Buying a car more stressful than saying 'I do'

A new survey finds that people believe car shopping is more stressful than getting married.

By MSN Money Partner Jun 3, 2014 12:40PM

This post comes from Krystal Steinmetz at partner site Money Talks News.


Money Talks News on MSN MoneyCar shopping is stressful.


Couple shopping for car © Image100, Jupiterimages

While that's likely no surprise to you, this may be: Americans think the process of shopping for and purchasing a vehicle is more stressful than getting married. That's according to a recent Car Week survey by Edmunds.com.


Carroll Lachnit, consumer advice editor at Edmunds, told MarketWatch:

Maybe they're thinking that at least when you're getting married, there's a party and a honeymoon at the end of some weeks of anxiety. But with car shopping, sometimes you get variable experiences and sometimes car shopping doesn't always go that well.

Lachnit said car shopping doesn't have to be stressful. She provided the following car shopping tips to MarketWatch.

  • Do your homework. Research the vehicles you're interested in, she said. Spend time to get familiar with your potential purchase. The Edmunds.com Car Week survey found that people will try on as many pairs of shoes as they take cars for test drives, even though a vehicle is the second most expensive purchase of most people's lives.
  • Harness the power of the Internet. Lachnit said people can complete about 75 percent of the work associated with car shopping by using the Internet. But don't be fooled into thinking that everything can be done online. Lachnit said it's important to test drive a vehicle because there's no virtual substitute for sitting behind the wheel and getting a feel for the car and how it handles.

The Edmunds.com Car Week survey also revealed these interesting tidbits:

  • I'll share that arm rest. One-third of Americans surveyed said they'd sooner sit in the middle seat on an airplane than car shop.
  • Time in the bedroom. One in five people said they'd gladly give up sex for one month if it meant they could avoid haggling over the price of a car. In fact, just 20 percent of car shoppers consider themselves "extreme price grinders" when it comes to trying to get the lowest possible price on a vehicle, Edmunds.com said.

Do the results of this survey surprise you? Do you have any tips to make car shopping a little less stressful?


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142Comments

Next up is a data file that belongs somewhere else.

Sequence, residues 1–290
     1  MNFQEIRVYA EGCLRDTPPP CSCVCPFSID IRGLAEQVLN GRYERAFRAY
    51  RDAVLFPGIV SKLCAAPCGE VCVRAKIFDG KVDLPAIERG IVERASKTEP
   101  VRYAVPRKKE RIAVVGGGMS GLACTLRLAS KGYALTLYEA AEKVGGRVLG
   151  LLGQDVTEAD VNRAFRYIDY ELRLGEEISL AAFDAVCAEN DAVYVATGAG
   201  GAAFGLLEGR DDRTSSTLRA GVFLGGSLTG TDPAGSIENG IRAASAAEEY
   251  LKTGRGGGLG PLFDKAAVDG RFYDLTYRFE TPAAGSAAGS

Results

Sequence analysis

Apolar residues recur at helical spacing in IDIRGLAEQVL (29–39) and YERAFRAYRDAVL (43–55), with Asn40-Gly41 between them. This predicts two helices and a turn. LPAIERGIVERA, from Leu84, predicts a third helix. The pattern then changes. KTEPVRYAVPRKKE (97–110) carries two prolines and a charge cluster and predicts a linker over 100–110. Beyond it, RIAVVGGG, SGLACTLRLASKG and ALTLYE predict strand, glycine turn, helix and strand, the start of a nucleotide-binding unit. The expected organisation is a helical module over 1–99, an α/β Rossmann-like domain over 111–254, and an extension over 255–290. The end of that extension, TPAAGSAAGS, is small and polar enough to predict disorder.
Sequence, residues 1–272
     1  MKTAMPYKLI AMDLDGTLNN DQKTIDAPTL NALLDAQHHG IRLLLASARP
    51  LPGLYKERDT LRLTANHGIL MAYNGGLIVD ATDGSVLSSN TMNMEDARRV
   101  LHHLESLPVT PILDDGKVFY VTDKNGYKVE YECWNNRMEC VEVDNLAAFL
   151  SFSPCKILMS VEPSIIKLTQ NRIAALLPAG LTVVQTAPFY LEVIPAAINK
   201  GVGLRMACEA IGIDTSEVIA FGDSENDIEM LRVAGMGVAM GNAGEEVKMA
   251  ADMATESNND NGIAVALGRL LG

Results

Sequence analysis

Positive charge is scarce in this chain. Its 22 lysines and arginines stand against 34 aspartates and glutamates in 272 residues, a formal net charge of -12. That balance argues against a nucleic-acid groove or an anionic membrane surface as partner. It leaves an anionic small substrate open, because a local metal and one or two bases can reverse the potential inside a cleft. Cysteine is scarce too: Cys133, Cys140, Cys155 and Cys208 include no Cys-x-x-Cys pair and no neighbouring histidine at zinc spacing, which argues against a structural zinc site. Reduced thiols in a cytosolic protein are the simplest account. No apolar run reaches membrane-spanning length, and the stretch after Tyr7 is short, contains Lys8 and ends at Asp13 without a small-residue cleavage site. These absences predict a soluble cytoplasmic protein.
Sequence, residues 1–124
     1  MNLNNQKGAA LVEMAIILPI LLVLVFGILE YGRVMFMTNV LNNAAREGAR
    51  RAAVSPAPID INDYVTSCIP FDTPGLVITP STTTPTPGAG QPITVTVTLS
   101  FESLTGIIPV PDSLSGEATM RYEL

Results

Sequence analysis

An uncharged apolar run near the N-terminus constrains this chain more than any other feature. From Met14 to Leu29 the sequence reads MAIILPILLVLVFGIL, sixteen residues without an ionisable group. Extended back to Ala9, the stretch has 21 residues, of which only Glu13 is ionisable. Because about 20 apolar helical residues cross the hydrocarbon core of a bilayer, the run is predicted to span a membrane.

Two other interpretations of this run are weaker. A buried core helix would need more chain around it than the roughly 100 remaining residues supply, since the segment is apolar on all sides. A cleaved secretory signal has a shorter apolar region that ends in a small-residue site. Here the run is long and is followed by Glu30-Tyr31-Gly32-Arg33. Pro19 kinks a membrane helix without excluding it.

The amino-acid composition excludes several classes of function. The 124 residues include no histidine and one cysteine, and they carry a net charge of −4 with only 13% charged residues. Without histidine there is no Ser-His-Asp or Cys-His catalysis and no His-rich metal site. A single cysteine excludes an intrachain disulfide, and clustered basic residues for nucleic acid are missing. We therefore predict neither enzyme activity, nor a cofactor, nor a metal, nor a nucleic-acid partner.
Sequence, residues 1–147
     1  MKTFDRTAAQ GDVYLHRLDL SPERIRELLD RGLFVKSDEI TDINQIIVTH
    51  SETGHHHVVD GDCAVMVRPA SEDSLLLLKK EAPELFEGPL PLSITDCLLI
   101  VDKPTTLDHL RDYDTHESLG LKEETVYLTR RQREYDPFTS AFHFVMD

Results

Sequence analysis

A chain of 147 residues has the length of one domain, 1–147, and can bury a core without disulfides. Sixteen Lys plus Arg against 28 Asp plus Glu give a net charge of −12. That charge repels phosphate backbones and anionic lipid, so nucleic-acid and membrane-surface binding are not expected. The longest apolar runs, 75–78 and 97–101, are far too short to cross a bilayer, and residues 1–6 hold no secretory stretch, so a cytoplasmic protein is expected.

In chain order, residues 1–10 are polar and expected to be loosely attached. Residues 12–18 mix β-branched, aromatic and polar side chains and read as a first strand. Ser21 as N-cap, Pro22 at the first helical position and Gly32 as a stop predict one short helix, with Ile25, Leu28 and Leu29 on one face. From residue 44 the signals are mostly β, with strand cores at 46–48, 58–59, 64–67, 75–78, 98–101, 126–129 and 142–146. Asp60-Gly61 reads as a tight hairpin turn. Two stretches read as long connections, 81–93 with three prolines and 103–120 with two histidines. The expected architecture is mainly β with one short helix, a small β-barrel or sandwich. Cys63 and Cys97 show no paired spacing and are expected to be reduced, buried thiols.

Jun 3, 2014 3:03PM
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If I had it to do over again, I'd buy a car over proposing marriage any day.  At least the car won't someday drive away unannounced to find itself, only to beg to return later.
Jun 3, 2014 1:12PM
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The most important thing people need to learn is to say "no" and not feel bad about it.  Oftentimes, salesmen or women will try to pressure you into making a decision immediately.  Before you go into a dealership, make up your mind whether or not you want to buy a car that day.  If not, then stick to your guns.  When you decide to buy a car, and the salesman tries to stick you with options that you don't really want, say "no." 

 

I think the reason it is stressful is because saying "no" to people goes against human nature.  Most people want to please other people and it feels better if you can say "yes" and not disappoint the person.  If you can overcome that and reinforce in your own mind that it is in your own best interest to say "no", when appropriate, if can relieve some of the stress.

Jun 3, 2014 4:19PM
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Through my experience as a single female buying a car, the best lesson I've learned is to ask their best price for the vehicle and then when they ask you if you're trading in or making a cash down payment, just say, "I haven't decided that yet. What difference would that possibly make?".  Then watch them squirm.  It has worked to get me a great price every time.
Jun 3, 2014 5:06PM
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if you are stressed out about saying "I do" then you probably shouldn't be getting married.
Jun 3, 2014 3:54PM
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With all of the information provided consumers nowadays, car shopping has become 100% transparent. Often times the anxiety comes from a shoppers total lack of preparation and ignorance. Being intimidated to enter any automobile showroom is so 10 years ago. Put on your big boy underwear, do some homework and enjoy what should be an exciting and fun process.
Jun 3, 2014 4:36PM
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I bought a new Ford Escape a few months ago. It was my first buying experience with a dealership, but it was a pleasant enough experience. Before I went to the dealership, I weighed out my options though. Should I just fix my current car, or take out a loan for a new car? If I get a new car, what do I need it to do? Should I get a new or used car? What brand and model should I get? In the end I was pulled between a Forester and the Escape, but I liked the standard electronics that came with the Escape.

 

So... I waited for a good dealer incentive program, got pre-approved through my bank, went to the dealer and told the salesman what options I wanted, how much I wanted to pay, and how much I'd like to get on my trade. Then I asked to see what he had on the lot. After walking the lot, I found one to my liking and left with my new car an hour or so later (paper work took a while).

 

Lesson learned: Be informed and ready to make a purchase. When you're ready to buy, you don't have to get sold.

Jun 3, 2014 3:44PM
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More stressful than I Do?  For some, it's:  I Don't.
Jun 3, 2014 5:42PM
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A car never absconded with my credit cards and charge thousands.  I'll gladly take the car over marriage.
Jun 3, 2014 7:38PM